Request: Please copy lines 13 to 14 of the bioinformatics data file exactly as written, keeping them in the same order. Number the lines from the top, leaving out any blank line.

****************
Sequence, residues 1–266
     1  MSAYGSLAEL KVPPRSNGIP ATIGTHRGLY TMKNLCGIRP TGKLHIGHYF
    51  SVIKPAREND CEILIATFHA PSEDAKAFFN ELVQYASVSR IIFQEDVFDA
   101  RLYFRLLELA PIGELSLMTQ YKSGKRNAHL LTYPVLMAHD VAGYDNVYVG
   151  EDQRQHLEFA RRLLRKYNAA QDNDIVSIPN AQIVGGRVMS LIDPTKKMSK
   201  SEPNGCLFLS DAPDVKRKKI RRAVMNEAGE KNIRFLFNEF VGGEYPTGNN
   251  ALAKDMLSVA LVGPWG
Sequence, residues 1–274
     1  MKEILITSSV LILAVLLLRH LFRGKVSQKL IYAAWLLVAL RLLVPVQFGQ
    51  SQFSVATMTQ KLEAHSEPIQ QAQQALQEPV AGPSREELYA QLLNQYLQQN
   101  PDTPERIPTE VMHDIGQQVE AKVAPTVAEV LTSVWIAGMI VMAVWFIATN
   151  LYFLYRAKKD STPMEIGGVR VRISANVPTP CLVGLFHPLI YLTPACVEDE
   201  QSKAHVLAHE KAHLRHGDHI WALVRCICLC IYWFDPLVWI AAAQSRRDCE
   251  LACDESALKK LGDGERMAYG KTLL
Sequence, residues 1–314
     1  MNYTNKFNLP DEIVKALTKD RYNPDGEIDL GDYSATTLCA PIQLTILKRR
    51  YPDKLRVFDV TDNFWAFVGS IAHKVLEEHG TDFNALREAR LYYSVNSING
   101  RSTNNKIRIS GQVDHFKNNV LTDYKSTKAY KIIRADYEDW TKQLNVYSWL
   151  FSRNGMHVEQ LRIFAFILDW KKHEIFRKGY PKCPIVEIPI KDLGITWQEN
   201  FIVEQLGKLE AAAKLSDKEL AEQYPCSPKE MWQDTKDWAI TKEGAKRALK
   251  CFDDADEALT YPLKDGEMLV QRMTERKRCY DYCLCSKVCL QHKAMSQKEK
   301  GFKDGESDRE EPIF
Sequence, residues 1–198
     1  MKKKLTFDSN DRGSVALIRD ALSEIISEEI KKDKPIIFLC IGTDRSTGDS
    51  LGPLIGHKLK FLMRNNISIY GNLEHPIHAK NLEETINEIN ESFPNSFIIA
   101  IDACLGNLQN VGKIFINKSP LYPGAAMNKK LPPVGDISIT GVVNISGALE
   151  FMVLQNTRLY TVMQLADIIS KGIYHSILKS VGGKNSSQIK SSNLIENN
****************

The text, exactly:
   201  QSKAHVLAHE KAHLRHGDHI WALVRCICLC IYWFDPLVWI AAAQSRRDCE
   251  LACDESALKK LGDGERMAYG KTLL